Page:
New York: Farrar, 2001. out of print,
Note: As she waits for her baby to be born, a young woman from Mali describes some of the sights and sounds of her homeland as she creates a beautiful b=g=lan cloth for her child.
My Baby written by Jeanette Winter is an interesting portrayal of non-formal education in Mali.
Winter focuses on an important art form used to create attractive mud-dyed textiles. On one level,
Winter depicts the steps taken by Nakunte Diarra to become an accomplished b=g=lan artist.
Through Diarra's achievement, she exhibited pieces at the Indiana University Art Museum.
On a second level, Winter takes ideas from an adult exhibit and describes the art form to North
American children. The b=g=lan is an important textile worn at festive occasions and the designs are
customized for the wearer. Although not stated, this textile holds similar importance as does adire,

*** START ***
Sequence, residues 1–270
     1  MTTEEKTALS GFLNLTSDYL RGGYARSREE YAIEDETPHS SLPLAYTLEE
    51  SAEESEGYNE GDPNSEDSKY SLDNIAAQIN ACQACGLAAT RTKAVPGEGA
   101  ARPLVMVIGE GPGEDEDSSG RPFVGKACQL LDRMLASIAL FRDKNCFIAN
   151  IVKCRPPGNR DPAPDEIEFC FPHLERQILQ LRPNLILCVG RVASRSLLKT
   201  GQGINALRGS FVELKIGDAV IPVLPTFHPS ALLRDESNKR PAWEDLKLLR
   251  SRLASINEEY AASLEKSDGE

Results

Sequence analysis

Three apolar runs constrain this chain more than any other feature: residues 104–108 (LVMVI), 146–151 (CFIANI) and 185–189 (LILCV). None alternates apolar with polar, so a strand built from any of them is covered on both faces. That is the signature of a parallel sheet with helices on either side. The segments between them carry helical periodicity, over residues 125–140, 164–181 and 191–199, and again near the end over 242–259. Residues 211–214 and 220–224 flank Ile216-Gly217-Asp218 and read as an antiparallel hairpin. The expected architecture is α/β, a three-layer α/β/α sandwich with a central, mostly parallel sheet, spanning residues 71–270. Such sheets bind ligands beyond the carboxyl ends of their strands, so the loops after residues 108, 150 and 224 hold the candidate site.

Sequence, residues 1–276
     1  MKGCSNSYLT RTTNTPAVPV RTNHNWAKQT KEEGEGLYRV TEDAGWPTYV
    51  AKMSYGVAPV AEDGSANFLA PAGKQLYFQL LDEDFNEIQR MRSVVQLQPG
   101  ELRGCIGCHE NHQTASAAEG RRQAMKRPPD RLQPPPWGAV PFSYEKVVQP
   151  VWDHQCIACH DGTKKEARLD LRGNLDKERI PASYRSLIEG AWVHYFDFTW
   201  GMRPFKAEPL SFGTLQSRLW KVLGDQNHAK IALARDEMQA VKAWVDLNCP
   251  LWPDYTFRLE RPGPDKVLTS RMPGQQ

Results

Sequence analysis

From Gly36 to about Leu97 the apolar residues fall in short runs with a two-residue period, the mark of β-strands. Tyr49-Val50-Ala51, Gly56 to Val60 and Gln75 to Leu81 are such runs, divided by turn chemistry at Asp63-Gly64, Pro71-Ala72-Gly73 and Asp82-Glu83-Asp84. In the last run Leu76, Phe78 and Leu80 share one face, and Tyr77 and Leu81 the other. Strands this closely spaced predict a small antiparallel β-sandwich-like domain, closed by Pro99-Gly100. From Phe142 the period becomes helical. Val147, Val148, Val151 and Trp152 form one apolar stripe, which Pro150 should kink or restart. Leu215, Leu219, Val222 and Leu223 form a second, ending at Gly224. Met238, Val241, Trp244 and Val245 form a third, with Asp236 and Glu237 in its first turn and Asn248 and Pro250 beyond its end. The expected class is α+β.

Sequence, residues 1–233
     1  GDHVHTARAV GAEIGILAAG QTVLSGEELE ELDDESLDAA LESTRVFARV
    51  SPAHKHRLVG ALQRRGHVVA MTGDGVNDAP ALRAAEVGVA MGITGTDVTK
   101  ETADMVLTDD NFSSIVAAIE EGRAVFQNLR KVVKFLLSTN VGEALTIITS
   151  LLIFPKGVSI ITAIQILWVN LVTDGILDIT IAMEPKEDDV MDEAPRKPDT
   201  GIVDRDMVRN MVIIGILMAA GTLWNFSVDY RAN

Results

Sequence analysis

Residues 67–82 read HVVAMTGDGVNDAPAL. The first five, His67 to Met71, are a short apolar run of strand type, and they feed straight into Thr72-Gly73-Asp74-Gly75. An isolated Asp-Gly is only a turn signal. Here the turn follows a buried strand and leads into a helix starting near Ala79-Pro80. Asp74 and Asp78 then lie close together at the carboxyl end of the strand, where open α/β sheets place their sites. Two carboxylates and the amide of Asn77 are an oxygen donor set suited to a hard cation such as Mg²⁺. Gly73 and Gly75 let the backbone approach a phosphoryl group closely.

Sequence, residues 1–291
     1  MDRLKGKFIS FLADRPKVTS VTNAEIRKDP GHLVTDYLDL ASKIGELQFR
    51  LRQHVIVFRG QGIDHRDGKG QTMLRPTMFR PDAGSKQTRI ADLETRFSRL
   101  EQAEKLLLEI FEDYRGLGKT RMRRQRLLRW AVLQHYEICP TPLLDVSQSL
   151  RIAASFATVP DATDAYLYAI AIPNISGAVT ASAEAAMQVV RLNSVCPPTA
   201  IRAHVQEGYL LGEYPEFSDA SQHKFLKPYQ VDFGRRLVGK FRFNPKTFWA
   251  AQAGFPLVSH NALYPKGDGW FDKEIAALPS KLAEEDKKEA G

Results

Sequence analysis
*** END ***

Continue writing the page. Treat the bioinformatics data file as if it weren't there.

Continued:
adinkra, kente, or bark cloth.
In addition, Winter weaves the story with issues of the environment. As Diarra paints her baby's
textile, she introduces different animals and phenomena to her unborn baby and the reader. For
instance, the designs for the textile represent drums, snakes, leopards, scorpions, fish bones,
iguanas, crocodiles, chameleons, calabash flowers, turtledoves, and celestial stars. The illustrations
complement the text.
Finally, Winter's story also emphasizes the importance of birth with the rainy season. In a
semi-desert environment, rains fill the wells, sustain new plantings, and enable communications. This
story generates many topics of discussion for a child.
Reviewed by: Patricia Kuntz, firstname.lastname@example.org
Subject: Mali / Africa, West / Art